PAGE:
Then, we also deal with non-uniform illumination. Illumination uniformity can only be approximated in laboratory measurement conditions since a strictly parallel uniform beam cannot be obtained. Working with a “strictly” parallel uniform beam imposes to use complicated illumination systems and to image only planar samples at a fixed focal distance. Every departure from this ideal situation would necessitate a whole recalibration. A possibility to deal with nonuniform illumination is to normalize the estimated Mueller matrices by the first Mueller element (mean transmittance image) or equivalently to normalize the measured data by the same element. Such an approach has two major defaults. First, it is clear that the spectral polarimetric signature will be hindered by the normalization operation since it eliminates the energy relationship at different wavelengths. Then, under Gaussian assumption of the noise, the elements of the Mueller matrix follow a multivariate normal distribution when using the pseudo-inverse for the estimation. By normalizing each element of the Mueller matrix by the first one, each element of the normalized Mueller matrix follows then the distribution of the ratio of jointly normal variables. The same conclusion holds for the normalized measured data. As explained in [13], such a distribution is a product of two factors, the first being a Cauchy density. This distribution is heavy tailed and can be bimodal. These properties yield inappropriate segmentation as we will show in Sec. 5. To solve this problem, we deal with non-uniform illumination by defining a model that explicitly accounts for illumination variation.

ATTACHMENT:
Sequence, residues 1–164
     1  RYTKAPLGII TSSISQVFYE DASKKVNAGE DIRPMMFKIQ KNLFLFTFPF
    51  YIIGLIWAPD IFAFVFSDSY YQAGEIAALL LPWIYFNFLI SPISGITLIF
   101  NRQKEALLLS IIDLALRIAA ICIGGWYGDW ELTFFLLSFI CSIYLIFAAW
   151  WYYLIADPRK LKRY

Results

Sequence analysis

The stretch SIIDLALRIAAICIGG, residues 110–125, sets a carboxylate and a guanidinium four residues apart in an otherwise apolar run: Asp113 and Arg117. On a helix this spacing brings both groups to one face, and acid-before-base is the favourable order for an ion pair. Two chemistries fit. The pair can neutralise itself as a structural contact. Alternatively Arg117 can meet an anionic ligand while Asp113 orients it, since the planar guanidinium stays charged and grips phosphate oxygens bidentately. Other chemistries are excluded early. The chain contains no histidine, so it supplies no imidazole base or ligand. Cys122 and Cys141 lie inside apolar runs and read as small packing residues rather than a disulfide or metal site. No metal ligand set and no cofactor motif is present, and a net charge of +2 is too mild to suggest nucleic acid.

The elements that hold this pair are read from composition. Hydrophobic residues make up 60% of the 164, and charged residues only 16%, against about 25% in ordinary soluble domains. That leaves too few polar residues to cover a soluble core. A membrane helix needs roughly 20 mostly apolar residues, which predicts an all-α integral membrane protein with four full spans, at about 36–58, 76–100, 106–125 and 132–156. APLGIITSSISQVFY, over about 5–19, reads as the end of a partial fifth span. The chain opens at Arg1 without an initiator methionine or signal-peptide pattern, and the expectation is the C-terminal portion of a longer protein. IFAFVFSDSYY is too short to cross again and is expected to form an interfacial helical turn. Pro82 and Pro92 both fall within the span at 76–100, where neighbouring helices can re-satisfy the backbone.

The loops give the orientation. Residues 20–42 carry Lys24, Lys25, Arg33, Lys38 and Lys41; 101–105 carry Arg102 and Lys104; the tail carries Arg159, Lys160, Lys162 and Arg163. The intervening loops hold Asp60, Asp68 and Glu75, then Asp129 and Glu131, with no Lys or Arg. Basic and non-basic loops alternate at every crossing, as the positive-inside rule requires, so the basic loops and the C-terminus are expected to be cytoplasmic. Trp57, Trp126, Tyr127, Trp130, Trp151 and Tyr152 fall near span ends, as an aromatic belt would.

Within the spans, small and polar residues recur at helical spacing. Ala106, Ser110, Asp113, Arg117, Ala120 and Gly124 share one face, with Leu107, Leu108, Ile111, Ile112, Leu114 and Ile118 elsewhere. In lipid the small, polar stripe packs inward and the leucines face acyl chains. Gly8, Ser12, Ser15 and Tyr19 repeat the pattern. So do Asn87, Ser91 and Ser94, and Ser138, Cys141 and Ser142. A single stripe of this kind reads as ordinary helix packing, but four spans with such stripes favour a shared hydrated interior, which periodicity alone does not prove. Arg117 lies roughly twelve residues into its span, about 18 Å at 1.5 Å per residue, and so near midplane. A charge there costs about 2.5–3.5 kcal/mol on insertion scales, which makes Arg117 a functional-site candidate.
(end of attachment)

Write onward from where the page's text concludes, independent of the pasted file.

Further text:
The data acquired using imaging polarimeters are noisy and indirect versions of the parameters of interest. The central issues of any inversion procedure are matching the physical admissibility conditions of the estimated parameters and reducing the effect of noise. The pseudo-inverse solution is particularly ill-suited in this respect: noise is propagated and each estimate is not necessarily physically admissible. One should take advantage of the image structure so as to efficiently reduce the effect of noise. In this framework and addressing both aforementioned issues, we have proposed a specific algorithm that segments the Mueller images in a given number of classes of constant signature [14], and we have also proposed an approach attenuating the effect of noise for spatially varying Mueller parameters, resorting to non-local means (NLM) [10]. The former algorithm assumes that the illumination of the scene is uniform and cannot adequately estimate the number of classes into which the images are segmented, while the latter algorithm does not provide a segmentation map of the Mueller image though this map could be of great interest to analyze the image content. We propose here an appropriate method for the estimation of piecewise constant polarization signatures in Mueller imagery, where nonuniformity in the illumination is explicitly modeled. Non-uniform illumination is a major issue, since it occurs frequently in practice and largely degrades the quality of the segmentation map when ignored in the model.